But few nations actually met even the one per cent benchmark. Britain, Canada and the EU in general spent just 0.2 per cent of their GDP on the green stimulus. The US managed 0.7 per cent while Australia reached 1.2 per cent.
Meanwhile, large subsidies to the fossil fuel industry continued. In 2008 these reached $557 billion, roughly one per cent of total world GDP.
Barbier labels such subsidies “perverse” as they encourage energy consumption and greenhouse gas emissions, distort the market and do not reflect the true cost of using them. He has calculated that scrapping $300 billion fossil fuel subsidies alone could reduce greenhouse gas emissions by six per cent and add 0.1 per cent to world GDP.
Meanwhile, many of the small incentives designed to foster green energy vanished. For example, the British Conservative-led government recently slashed by half the feed-in tariff available to small domestic producers of solar energy.
Is growth green?
Emerging economies in Asia have been keener on green investment than their Western counterparts. South Korea invested the equivalent of five per cent of its GDP in green measures, China three per cent. Both nations saw the initiatives as a means to develop green industries as part of a long-term export strategy, and to ensure global dominance in the future green economy. China is already the world’s largest producer of solar panels.
In 2009 South Korea launched a five-year Green Growth Investment Plan, spending another $60 billion on reducing carbon dependency and on environmental improvements to create up to 1.8 million jobs through to 2020.
But the true “greenness” of some of these packages is questionable. A number of the Korean projects classified as “green” are environmentally questionable, to put it mildly.
Take the Four Rivers dam project, which accounts for eight per cent of the Korean budget (drawing funds from other projects such as railway construction). The dam project, due to be completed this year, is disrupting ecosystems and using enormous volumes of construction materials, especially concrete – a significant greenhouse gas emitter in its production.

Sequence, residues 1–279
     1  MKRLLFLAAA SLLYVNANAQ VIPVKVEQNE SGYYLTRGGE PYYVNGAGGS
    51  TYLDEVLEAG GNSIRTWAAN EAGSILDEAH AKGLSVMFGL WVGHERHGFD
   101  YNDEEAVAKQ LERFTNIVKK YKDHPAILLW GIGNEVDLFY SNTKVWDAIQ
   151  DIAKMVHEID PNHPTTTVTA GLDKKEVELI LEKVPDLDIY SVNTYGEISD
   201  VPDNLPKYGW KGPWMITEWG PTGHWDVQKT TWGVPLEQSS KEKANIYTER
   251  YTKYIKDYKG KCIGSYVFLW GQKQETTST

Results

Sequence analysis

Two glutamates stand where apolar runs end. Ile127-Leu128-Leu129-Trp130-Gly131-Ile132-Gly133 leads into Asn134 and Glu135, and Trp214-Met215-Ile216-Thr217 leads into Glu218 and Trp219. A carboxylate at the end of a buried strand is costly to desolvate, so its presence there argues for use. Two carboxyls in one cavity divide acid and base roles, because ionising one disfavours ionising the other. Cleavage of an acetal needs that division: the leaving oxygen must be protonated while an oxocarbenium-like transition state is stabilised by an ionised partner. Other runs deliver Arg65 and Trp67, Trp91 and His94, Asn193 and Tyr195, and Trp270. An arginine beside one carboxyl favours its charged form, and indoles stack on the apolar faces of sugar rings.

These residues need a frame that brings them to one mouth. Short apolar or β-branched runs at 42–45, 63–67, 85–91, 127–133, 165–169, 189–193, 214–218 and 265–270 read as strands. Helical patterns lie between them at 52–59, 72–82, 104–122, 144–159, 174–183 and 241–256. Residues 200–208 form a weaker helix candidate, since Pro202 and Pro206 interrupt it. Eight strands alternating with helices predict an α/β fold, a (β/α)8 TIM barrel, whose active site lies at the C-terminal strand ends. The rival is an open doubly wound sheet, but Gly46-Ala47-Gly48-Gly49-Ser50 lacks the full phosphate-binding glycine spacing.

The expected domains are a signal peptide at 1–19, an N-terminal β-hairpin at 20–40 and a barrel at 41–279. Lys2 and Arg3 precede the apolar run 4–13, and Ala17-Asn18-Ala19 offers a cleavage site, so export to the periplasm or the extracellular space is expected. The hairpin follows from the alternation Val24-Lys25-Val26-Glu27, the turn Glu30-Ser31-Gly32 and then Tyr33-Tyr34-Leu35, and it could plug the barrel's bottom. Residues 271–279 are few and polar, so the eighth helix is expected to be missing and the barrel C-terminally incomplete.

“The situation in Korea really speaks to the heart of the debate: how exactly do we define the green economy?” says Andrea Harden-Donahue, Energy and Climate Justice Campaigner with the Council of Canadians in Ottawa. “Mega-dams and massive construction projects are not the green economy that we want to see built.”
For some, the very nature of a Green New Deal – even in the most ambitious forms advocated by policymakers and think-tanks – needs to be examined for the kind of economy that it supports. Will the end result of short-term relief measures be a return to the conventional economic system as we know it?
Or, could a Green New Deal be used as a stepping stone to achieve a permanent solution – the kind of economy that does not rely on growth and consumption for prosperity?
This is what economist Tim Jackson, author of Prosperity Without Growth, thinks would be the best use of it.
But that’s not an easy message to acommunicate in today’s economic and social a climate. “When you talk about growth, people get itchy,” comments British environmentalist Colin Hines, one of the authors of A Green New Deal.
“We would be better off talking about ‘economic activity’ rather than the concept of “growth”. We have a situation now where people are insecure, worried and anxious. And the NGO movement has never experienced a prolonged period of continuous economic downturn and the effect that that has on people’s psychology. If we don’t learn to couch what we want within the parameters of dealing with people’s insecurities, then we will never get anywhere.”
Whatever the approach, the logic of the Green New Deal still seems irrefutable: create work for the millions unemployed, reduce our environmental impacts, shrink the chance of dramatic climate changes, lower the costs of energy now and save money in the long term.
How could a solution that seems so sensible fail to be manifest?
According to Barbier: “There initially was an attempt to be open to new ideas – but then the severity and depth of the recession saw people retreat back to their old ideas of trying to get the economy ‘going’ at any cost, and worrying about the environment later.”a
Hines has a slightly different take: “The Green New Deal had its year in the sun in 2008 – there was a lot of talk about the idea as nations looked into the economic abyss. But once it appeared as though we were no longer looking into an abyss, the austerity lunatics emerged and took over the asylum. Now we can’t do green things because they ‘get in the way’ of economic recovery.”
History has taught us that the original New Deal and the logic of demand-side economics can create seismic shifts for the better. Even if some historians and economists continue to dispute the efficacy of Keynes’ ideas, the legacy of the New Deal speaks to its success.
We now have the chance to learn from history’s example. Will we?
Hines is hopeful: “I think we will see a return of the basic Green New Deal concept this year,” he says. “Why? Simply because there’s nothing else in town.”